But First: Plan Now For A Peaceful Holiday Season

peaceful holiday season

If you’re like most, the thought of the upcoming holidays fills you with equal parts of excitement and dread!

After more than a year of lockdown, restriction and confinement, who doesn’t relish the idea of family get-togethers, friends, parties, decorations and presents?

But let’s be honest: there’s a part of you that stresses out…so much to prepare, to buy, to decorate, to bake, to wrap…you name it! Do you find the hustle and bustle exhausting?

Would you prefer a lower key yet fully meaningful celebration?

Let’s take five and think about how we can plan for a peaceful holiday season without losing our composure.  Consider incorporating the following four practices into your holiday routine. 

After all, regardless of your religious or spiritual beliefs, it’s a sacred time to focus on what matters most….to you and what you truly value!

peaceful holiday season
image by lucie liz | pexels

1. Say "No" to Pinterest Perfectionism

It’s so easy to want everything to be just right.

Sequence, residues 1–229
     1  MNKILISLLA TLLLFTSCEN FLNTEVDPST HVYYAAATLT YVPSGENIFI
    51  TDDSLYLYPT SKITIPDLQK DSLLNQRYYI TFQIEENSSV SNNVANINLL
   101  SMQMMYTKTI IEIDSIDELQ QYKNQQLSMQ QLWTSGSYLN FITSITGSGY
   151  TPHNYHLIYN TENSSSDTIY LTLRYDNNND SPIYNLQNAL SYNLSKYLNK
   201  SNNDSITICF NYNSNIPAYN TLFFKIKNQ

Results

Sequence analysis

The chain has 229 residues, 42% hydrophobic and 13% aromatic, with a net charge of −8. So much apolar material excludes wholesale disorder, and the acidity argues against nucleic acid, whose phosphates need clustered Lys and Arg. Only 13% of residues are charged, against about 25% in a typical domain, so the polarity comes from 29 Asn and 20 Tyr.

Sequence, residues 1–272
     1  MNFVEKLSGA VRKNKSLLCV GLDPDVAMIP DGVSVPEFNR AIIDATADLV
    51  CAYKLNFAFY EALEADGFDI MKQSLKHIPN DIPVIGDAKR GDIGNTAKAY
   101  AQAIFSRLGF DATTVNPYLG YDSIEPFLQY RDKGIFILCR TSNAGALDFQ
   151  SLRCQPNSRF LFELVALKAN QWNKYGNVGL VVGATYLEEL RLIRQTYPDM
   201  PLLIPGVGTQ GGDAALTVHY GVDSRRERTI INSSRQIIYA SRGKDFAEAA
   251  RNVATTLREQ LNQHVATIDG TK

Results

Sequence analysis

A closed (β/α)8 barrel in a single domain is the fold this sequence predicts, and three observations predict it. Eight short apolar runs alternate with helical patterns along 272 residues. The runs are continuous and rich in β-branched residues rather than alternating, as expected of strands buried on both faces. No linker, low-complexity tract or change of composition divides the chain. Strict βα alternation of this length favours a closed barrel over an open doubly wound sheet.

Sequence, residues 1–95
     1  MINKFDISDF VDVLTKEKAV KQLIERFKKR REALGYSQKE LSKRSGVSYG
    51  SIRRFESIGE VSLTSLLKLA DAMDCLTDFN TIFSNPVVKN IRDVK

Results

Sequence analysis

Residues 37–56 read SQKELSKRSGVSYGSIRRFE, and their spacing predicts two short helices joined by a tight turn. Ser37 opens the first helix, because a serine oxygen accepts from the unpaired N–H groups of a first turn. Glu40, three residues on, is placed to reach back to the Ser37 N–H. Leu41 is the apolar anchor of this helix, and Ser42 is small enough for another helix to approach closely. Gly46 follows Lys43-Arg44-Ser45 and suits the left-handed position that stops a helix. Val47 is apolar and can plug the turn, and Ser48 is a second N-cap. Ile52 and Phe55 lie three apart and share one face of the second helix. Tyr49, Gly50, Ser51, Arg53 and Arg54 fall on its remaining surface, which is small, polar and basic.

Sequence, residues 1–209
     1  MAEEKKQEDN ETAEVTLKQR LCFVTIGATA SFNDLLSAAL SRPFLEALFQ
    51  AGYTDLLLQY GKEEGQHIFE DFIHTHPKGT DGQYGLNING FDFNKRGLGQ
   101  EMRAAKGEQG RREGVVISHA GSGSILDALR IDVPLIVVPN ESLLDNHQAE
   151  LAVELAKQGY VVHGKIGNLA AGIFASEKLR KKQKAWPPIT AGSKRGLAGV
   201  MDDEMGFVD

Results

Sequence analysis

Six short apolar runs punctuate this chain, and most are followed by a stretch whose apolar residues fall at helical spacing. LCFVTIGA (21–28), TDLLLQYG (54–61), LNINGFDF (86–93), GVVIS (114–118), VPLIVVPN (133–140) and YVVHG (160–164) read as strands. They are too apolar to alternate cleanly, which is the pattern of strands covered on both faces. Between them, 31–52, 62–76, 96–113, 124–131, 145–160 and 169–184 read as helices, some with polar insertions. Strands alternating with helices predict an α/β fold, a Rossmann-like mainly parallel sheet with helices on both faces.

From the tree and the home decorations to the presents and the menu. It seems there’s an expectation for each and every facet to be perfect. Or else it falls short.

But why does it have to be one or the other?

There’s nothing wrong with having a realistic vision of your gatherings.

So what if the tree is a little crooked? Who cares if your hand towels don’t sport holiday motifs? 

If family and friend time is what matters more to you, then allow yourself to keep things casual. When you plan for the comfort of your guests instead of the fancy wow of your decor, you’ll be less tense. 

In fact, as you haul out your holiday decor, consider paring down your collection.

This would be an ideal time to approach your adult children about selecting which items they would love to receive for their own home. 

Just remember: if they say no, don’t take it personally. Their taste may be different. Or they may truly want to keep their own decor on the minimalist side, as well. Part of a peaceful holiday season means accepting others’ personal preferences, too!

When you retain only your favorites, your set up and take down routine will be much easier—less time consuming. And every item will be sure to bring joy when they’re displayed.

People may compliment a well coordinated theme. But the genuine fellowship is what they will remember with a smile, long after the party has ended.

Circle back to this post for more ways to cut yourself some slack: How Perfectionism Holds Us Back From Clutter Free Living

peaceful holiday season